Waiting in the wings - Kamui Kobayashis Toyota aspirations 07 Oct 2008
Toyotas motorsport division has been based in Germany since 1978, but its links to the companys Japanese homeland remain as strong as ever, making this weekends Grand Prix at Fuji Speedway a very special event.
Boasting over 30 nationalities amongst 650 or so staff, Toyota is one of the most international of the 10 Formula One teams. Of course, they have more than their fair share of Japanese workers in their ranks - most notably third driver Kamui Kobayashi.
Kobayashi, from Hyogo Prefecture, has won races in both the GP2 Asia and GP2 Series this season; his first in the category since stepping up from the Formula Three Euroseries. And if Formula One racing's unofficial feeder category was not demanding enough, the 22 year-old has also contributed to Toyotas strong form this year through his testing work.
His path to Formula One has been plotted by the Toyota Young Drivers Programme (TDP) for several years. The TDP scheme is designed to produce the best possible racing drivers (of any nationality) for Toyota, but the fact Kobayashi is Japanese is a welcome bonus.
"It's our dream for Toyota to win the championship with a Japanese driver in a Toyota car, and we now have Kamui Kobayashi as our test driver," explains chairman and team principal Tadashi Yamashina. "The team is right behind him and hoping that he can become a top driver. At the same time, I will definitely not be giving him preferential treatment and letting him drive our car just because he's Japanese. I've told him he'll have to work hard and get there on merit!"
And Kobayashi certainly is working hard; already this year he has competed in 30 GP2 races and tested for 11 days for Toyota. "I've dreamed of being in Formula One ever since I was a small boy," he says. "I passed the TDP audition, as they call it, when I was 14, and have been committed to Toyota ever since.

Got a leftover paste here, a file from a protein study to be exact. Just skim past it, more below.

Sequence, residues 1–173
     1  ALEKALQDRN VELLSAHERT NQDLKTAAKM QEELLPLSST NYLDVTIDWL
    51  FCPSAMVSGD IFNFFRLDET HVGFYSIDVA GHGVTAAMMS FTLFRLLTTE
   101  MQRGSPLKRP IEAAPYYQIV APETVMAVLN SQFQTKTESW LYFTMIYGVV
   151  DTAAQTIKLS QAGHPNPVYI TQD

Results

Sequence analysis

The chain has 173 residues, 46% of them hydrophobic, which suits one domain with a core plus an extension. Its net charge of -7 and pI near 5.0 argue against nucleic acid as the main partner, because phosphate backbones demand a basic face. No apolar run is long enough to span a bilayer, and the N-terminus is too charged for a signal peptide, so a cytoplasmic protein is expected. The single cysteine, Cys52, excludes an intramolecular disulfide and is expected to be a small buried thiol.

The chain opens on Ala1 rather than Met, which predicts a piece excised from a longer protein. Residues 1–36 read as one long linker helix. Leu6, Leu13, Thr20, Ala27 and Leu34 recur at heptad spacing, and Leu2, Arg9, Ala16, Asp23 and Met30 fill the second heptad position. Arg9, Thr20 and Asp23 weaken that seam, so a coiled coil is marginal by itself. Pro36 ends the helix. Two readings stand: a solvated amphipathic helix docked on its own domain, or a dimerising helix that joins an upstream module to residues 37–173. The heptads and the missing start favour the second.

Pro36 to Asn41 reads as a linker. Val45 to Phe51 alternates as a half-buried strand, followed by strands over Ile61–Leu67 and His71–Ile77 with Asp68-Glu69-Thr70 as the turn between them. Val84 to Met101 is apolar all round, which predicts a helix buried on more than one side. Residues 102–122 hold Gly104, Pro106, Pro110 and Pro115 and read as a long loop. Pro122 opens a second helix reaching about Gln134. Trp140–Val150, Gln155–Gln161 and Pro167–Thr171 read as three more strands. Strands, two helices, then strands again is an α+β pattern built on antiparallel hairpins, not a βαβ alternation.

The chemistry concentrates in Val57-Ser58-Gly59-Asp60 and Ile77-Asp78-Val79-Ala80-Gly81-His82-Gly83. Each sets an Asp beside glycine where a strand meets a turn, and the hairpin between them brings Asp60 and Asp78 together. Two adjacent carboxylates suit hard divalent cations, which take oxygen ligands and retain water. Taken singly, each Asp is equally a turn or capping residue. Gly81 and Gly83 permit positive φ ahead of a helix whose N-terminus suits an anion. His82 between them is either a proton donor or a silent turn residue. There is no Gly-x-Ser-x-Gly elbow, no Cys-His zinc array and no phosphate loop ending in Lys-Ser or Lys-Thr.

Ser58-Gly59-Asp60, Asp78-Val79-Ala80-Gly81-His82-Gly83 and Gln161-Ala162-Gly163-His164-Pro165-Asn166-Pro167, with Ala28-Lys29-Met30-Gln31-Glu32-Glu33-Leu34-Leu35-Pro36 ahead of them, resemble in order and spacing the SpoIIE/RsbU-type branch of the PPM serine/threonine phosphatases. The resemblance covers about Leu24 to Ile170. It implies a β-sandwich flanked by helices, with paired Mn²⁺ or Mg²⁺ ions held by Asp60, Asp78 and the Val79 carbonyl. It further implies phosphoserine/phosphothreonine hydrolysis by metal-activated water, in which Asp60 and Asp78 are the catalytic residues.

"I fully realise how lucky I am to work in such an environment. It doesn't really put pressure on me, but I put continual pressure on myself and I don't forget that I've been in a more fortunate position than others in getting this far.
"Now that I'm close to racing in Formula One and I'm trying to break through, I've realised what an incredible achievement it would be if I ever made it into F1, when there are only 20 drivers in the world competing."
His efforts with Toyota, not to mention his rapid development, have certainly won him many admirers.
Executive Vice President Yoshiaki Kinoshita says: "He is amazingly bright. What's particularly outstanding about him is his opening lap. On the first lap after the race starts, he'll overtake three cars in dry conditions and something like seven to 10 in the wet! I've never seen a driver like that before."
Technical coordination director Chassis Noritoshi Arai concurs: "In terms of his skill and judgement as a driver, he's made great improvements. If he can hang in there and produce good results in races, I'll have nothing to complain about."
So how long will Kobayashi have to hang in there for an F1 race opportunity? With both Toyota and (Toyota-powered) Williams having confirmed their 2009 line-ups, it could be a while. Kobayashi, however, wont be perturbed - long-term planning has always been something the Japanese excel at.